|Interaction||Components & Design|
“Okay, Carl, we’re ready. What’s the target?” Nick Nimblefingers the safecracker asked the handheld radio. Houses and streets whooshed by outside. “The safe you’re looking for is in a green house,” the radio squawked back. “Two doors to one side of it is a pizza place, three doors to the other a kindergarten.”
“That’s great, Carl, really,” Nick sighed, “but you know what would really help us? An address.” A thought struck him. “Are you taking your pills, buddy? You know you get a bit, I don’t know, not quite yourself without them.”
“If you want to know about my medication you have to ask my doctors. But be warned, one of them always tells the truth, the other al… .” The rest of the sentence was drowned out by squealing tires. Nick hit the side of the car hard as their driver, Expeditious Eddie, threw the car into a U-turn.
“Nevermind, Nick, ” Eddie yelled over the howling engine. “I found the place on Boggle Maps.”
Rob ‘n Run might easily mislead you when you first look at it. Between the cartoonish cover art and the paper built escape vehicle on the table you could be forgiven for mistaking it for a kids’ game. You’d still be mistaken. Although Rob ‘n Run is suitable for kids – the crimes you commit are non-violent safecracks, and the rules are straightforward enough – adult gamers will have more fun. You have to take great care how you communicate, what conclusions other players will likely draw from revealing certain information in the situation you find yourself in. Kids below the recommended age of ten will struggle with that. We are enjoying the hell out of it.The first published design by Michael Luu is a cooperative game with restricted communication. The players are a gang of safecrackers doing a few more jobs on their way to the airport. For every robbery one of them is the boss. The boss knows the tools needed for this job. Instead of just telling the rest of the gang, however, he can only give cryptic clues. The rules say he does this so the police cannot figure out where they are from what he says on the radio. I think it’s more likely that he read too many Batman comics and The Riddler is his idol.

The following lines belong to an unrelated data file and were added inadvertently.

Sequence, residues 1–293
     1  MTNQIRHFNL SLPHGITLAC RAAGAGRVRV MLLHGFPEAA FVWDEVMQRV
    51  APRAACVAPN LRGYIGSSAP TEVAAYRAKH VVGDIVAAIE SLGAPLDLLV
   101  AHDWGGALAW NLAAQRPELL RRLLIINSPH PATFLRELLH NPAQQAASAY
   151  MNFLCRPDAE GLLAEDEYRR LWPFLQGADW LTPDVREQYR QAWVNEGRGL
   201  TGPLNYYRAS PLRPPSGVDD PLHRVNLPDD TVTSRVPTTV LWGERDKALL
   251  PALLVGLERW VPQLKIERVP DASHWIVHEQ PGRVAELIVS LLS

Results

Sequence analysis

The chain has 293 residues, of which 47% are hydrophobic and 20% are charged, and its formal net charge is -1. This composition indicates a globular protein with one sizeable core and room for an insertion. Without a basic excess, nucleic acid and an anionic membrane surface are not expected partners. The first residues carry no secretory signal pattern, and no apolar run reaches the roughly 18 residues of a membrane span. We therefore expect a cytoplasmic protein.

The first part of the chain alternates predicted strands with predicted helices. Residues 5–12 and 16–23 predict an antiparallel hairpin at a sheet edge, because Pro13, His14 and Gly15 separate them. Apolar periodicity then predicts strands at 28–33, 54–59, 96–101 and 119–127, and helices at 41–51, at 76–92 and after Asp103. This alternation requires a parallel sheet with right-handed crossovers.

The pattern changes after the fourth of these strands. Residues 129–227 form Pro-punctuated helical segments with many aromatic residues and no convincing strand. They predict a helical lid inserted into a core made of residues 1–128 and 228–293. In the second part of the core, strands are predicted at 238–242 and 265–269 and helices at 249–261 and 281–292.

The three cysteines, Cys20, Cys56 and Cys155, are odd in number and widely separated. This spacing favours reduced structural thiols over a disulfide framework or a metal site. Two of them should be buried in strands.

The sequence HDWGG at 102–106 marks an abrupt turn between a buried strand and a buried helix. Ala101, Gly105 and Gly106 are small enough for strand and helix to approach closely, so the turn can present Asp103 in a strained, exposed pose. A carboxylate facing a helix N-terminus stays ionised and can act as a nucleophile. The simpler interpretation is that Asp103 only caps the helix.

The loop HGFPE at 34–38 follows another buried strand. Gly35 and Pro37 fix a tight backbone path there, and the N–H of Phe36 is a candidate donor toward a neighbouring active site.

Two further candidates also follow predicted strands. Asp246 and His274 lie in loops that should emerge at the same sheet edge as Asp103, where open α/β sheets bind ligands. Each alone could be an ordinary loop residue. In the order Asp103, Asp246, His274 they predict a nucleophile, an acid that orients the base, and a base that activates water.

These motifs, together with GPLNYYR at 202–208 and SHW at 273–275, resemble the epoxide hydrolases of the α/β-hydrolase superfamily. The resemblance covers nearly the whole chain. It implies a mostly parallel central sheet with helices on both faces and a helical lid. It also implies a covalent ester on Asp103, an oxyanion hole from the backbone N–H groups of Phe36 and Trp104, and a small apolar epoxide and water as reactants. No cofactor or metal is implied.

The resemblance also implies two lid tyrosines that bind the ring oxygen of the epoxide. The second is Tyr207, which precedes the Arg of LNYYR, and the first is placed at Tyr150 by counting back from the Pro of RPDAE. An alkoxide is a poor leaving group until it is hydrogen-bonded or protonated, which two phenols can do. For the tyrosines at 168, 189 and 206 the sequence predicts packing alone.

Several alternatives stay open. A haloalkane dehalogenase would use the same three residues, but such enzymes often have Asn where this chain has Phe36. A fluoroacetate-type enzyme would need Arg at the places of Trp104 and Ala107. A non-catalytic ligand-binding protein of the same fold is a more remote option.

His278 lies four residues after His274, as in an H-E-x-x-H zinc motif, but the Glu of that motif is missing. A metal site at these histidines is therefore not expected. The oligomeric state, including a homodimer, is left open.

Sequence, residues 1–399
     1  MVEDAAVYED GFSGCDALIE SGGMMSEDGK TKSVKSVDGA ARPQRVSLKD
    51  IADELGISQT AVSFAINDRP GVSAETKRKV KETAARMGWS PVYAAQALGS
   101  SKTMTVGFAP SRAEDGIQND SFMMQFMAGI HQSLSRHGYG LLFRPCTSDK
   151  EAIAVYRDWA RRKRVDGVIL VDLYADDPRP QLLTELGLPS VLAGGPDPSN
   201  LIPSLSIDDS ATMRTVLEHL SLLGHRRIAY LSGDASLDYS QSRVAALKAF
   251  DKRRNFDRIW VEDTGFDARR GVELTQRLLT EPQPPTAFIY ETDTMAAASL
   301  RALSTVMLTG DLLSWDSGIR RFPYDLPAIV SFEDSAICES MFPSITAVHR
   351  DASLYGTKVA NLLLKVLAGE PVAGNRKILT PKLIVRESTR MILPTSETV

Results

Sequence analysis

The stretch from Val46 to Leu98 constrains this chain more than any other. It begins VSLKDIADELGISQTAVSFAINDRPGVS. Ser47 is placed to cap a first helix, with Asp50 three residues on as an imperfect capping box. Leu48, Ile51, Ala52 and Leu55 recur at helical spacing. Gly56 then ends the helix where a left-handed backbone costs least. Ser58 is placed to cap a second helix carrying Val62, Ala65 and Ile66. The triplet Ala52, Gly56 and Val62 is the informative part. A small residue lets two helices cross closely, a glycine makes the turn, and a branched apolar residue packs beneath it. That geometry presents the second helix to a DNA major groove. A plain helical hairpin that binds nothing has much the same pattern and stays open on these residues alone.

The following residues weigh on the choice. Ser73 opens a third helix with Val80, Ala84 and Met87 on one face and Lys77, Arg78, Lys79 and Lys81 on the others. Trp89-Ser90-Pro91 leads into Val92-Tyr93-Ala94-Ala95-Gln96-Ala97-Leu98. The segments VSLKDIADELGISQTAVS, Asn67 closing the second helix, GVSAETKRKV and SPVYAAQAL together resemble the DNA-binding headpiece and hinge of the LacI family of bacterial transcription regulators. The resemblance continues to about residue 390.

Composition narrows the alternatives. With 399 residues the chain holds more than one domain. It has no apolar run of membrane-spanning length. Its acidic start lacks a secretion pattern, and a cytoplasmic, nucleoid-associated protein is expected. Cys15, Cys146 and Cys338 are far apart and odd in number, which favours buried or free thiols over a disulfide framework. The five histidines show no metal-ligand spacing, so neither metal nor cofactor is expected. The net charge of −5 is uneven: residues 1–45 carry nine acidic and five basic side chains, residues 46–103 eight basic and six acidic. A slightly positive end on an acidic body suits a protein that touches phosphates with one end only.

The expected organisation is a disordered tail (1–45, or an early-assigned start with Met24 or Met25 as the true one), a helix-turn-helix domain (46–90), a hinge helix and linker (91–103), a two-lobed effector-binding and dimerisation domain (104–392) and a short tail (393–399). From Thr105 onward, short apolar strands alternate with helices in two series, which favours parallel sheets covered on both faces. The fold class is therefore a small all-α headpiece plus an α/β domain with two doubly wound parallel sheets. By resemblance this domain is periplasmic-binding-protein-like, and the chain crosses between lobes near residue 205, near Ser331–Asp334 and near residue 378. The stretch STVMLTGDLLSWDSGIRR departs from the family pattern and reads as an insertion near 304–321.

Safecracking Lessons – How To Play
The start of each robbery is to select your next target on the game board. Your escape car goes around the board to the airport, but its position doesn’t matter for this choice, you can rob any building you haven’t visited yet. The building will have one or two safes – sometimes three, if you failed a previous robbery – that the boss picks up and takes behind his view screen. A safe shows from three to five tools needed to open it, some tools may be needed more than once. If the players play the right tool cards before they trigger the alarm, they crack the safe(s) and get the gold bars inside.